Monthly Archives: November 2015

Anybody for a pi pie?

This certainly would be a fun way to serve berry pie! Pi Pie

Berry Cultivation In Norway

This is a short presentation from http://www.bioforsk.no that shows some interesting berry research with cloudberry (Rubus chamaemorus) , crowberry (Empetrum nigrum),  and lingonberry (Vaccinium vitis-idaea)  Berry Cultivation Norway

Watermelon berries

Watermelon berries (Streptopus amplexifolius) are delicious and juicy, with a mild flavor. The stalk of the plant can also be eaten and has a flavor similar to cucumber. Although it has been a traditional food in its native range, I am not aware that it has ever been commercially harvested. It may be due to its preference for shady, wetter areas, or possibly because it is difficult to grow from seed.

This plant is known to grow across the circumpolar north. In Alaska it is more abundant south of the Alaska range, but I have observed it at Manley Hot Springs and have heard that it survives transplant into Fairbanks gardens.

There is a publication from UAF Cooperative Extension Service that describes how to identify and utilize the plant. Learn more about how to propagate watermelon berries at this site.

Bog cranberry

Wandering through sphagnum bogs during the fall in Alaska you can often find bog cranberries (Vaccinium oxycoccos). Although the berries are typically not abundant, they are a tasty treat and wonderful addition to a berry mix. The berries are not commercially utilized in the US, but are a commodity in Russia.

Learn more about bog cranberries at this site from the USFS.

Sea buckthorn – it grows here!

Sea buckthorn is a plant that is being talked about more and more in Alaska. Native to northern latitudes of Europe and Asia, it would seem this plant would be well-suited to Alaska. Canadian researchers are already looking into developing sea buckthorn as a crop, as they have for saskatoon serviceberries and honeyberries.

Alaskans are making progress on this plant too! Papa M. is growing sea buckthorn in North Pole, AK. He has some older shrubs that are over 10 feet tall and produce gallons of gorgeous orange berries. Papa sells sexed seedlings (which is extremely important for dioecious species such as sea buckthorn) from productive lines every summer at the Tanana Valley Farmers Market or direct from his farm.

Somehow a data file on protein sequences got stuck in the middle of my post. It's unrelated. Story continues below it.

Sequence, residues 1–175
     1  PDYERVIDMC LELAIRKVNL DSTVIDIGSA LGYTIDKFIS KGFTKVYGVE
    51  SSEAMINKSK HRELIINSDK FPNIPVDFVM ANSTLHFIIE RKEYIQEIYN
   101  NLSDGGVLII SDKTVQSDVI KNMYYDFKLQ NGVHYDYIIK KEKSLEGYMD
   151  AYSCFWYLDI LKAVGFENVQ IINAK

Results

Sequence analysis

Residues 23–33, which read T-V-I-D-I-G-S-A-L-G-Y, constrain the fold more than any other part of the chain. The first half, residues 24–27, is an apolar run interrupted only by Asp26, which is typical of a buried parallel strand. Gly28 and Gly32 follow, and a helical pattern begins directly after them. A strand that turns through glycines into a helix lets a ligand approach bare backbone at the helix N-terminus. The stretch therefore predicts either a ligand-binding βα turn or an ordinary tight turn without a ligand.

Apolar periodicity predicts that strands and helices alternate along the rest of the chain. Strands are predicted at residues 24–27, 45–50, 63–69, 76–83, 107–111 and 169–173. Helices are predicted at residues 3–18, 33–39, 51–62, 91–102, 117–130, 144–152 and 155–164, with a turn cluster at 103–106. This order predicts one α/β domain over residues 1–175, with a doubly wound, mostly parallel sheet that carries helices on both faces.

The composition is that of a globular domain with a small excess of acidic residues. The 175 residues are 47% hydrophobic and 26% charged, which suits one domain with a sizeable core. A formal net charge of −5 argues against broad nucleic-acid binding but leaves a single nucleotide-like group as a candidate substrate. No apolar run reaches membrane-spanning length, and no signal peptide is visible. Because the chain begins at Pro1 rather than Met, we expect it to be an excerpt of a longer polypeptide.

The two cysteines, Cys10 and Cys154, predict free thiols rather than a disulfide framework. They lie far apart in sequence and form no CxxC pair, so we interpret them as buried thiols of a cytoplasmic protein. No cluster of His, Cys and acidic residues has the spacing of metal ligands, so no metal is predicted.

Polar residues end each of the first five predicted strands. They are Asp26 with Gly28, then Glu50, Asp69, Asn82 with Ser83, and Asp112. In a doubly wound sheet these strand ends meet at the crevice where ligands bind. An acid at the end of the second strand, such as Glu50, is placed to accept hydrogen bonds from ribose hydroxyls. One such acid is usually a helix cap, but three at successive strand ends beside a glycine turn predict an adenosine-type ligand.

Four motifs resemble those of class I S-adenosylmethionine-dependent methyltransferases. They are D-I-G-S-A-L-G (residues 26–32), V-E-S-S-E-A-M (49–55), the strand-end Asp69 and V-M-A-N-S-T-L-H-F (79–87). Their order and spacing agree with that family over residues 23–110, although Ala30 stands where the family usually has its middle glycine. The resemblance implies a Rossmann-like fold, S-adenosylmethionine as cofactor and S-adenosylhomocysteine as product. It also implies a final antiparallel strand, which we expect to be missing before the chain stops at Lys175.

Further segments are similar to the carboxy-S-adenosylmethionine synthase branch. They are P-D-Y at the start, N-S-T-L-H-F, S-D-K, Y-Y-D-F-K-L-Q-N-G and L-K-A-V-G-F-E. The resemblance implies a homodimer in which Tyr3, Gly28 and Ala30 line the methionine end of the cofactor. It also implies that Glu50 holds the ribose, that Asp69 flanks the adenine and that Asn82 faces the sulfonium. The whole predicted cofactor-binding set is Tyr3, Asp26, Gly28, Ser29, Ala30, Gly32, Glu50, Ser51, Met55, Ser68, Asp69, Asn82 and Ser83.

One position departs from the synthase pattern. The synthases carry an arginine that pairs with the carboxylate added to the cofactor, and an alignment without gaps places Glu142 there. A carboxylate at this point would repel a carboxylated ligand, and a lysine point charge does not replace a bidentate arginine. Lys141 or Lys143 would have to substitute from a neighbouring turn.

Learn more about how to grow the plants here:

Sea buckthorn Special Crops Factsheet

Sea buckthorn Production Guide

Juniper for Gin

Juniper “berries” are one of the main botanicals that give gin its distinctive flavor. The berries of juniper are actually cones that have modified scales giving it a smooth, berry-like appearance. There are many types of juniper, but common juniper (Juniperus communis) is the species most often used for flavoring gin. Have you ever wondered how your favorite gin companies harvest juniper? According to this site, the best juniper is still harvested from wild trees. There is a short video in the middle of the page that shows harvesters in action.

Elderberry Syrup

Elderberry syrup Today I was lucky enough to take a workshop at the Eagle River Nature Center presented by Chief Naturalist Ute Olsson.  She covered a lot of ground.  The ERNC calendar is here with a brief description of the workshop: Workshop announcement.  In the workshop we made elderberry syrup.   Elderberries are highly regarding for their nutraceutical properties.  The workshop presented a recipe found on Wellness Mamas website which can be found here: Elderberry Syrup.  The dried elderberries we used were actually quite tasty on their own and had a chocolate hint to them.